Coca-Cola revises executive pay after criticism

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Coca-Cola is curtailing its pay plan for executives after shareholders including Warren Buffett called it excessive.

The world’s largest beverage maker said Wednesday its long-term incentive program will now distribute the company’s shares to a smaller group of executives, while the rest will be rewarded with cash bonuses instead.

That will mean the total shares authorized to be awarded under the plan will last longer. In addition, Coke said the mix of long-term equity awards will be adjusted to be more heavily weighted to performance shares, rather than stock options.

Coca-Cola’s pay plan came under scrutiny earlier this year after Wintergreen Advisers called it a “raw deal” for shareholders, particularly in light of the company’s slowing growth as it faces declining soda consumption in the U.S. and other parts of the world.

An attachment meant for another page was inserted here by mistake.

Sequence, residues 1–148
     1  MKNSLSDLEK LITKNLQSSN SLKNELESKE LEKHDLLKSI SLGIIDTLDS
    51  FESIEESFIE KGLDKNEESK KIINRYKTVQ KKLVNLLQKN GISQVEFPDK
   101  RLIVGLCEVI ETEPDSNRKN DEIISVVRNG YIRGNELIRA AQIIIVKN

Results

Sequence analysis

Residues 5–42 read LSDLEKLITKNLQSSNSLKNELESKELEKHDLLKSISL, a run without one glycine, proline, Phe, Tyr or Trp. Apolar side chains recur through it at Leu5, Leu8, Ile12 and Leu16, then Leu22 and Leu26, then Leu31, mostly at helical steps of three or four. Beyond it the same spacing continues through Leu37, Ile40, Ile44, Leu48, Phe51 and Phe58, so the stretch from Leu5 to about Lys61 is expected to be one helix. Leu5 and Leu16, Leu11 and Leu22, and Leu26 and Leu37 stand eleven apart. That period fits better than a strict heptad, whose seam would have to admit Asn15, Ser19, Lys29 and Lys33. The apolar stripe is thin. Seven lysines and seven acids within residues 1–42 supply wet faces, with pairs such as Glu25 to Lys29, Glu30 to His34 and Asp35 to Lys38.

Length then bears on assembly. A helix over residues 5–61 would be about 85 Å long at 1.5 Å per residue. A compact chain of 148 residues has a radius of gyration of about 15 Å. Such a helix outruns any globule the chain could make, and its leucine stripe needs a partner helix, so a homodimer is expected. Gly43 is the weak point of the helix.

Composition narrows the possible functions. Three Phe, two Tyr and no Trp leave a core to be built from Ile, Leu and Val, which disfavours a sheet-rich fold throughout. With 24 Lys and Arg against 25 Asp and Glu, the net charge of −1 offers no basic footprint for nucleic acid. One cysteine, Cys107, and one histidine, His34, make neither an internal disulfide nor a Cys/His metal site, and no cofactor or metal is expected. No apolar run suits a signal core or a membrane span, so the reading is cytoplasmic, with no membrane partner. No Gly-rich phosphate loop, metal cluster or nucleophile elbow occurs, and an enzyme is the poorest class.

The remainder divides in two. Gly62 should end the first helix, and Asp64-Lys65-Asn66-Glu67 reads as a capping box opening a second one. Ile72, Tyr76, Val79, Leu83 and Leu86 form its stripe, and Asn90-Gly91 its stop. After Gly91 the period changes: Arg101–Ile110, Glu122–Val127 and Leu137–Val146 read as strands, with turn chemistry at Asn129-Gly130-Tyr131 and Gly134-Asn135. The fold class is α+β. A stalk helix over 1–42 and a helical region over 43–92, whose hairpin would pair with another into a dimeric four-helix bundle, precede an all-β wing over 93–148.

Wintergreen CEO Dave Winters had said the company’s equity plan would transfer roughly $13 billion to management over the next four years.

In a statement Wednesday, Winters said, “Coca-Cola has finally conceded that the equity compensation plan it put to a vote of shareholders in April was outrageously excessive and inconsistent with past plans.”

Buffett, whose Berkshire Hathaway is Coke’s biggest shareholder, is a longtime critic of excessive pay packages. But he said Berkshire Hathaway didn’t vote against the plan at Coca-Cola’s annual meeting because he didn’t want to publicly express disapproval of the company’s management.

Afterward, however, Buffett said he discussed his concerns about the pay plan with Coca-Cola CEO Muhtar Kent.

Buffett did not immediately respond Wednesday to questions sent to his assistant.

Last year, Kent was given a pay package worth $18.2 million, according to an Associated Press calculation. That was down 16 percent from the previous year because Coca-Cola failed to meet its own growth targets.

The Atlanta-based company also said it would increase transparency about its stock and option awards and formalize its practice of share repurchases to keep stockholders’ stakes from being diluted.

CANDICE CHOI, AP Food Industry Writer

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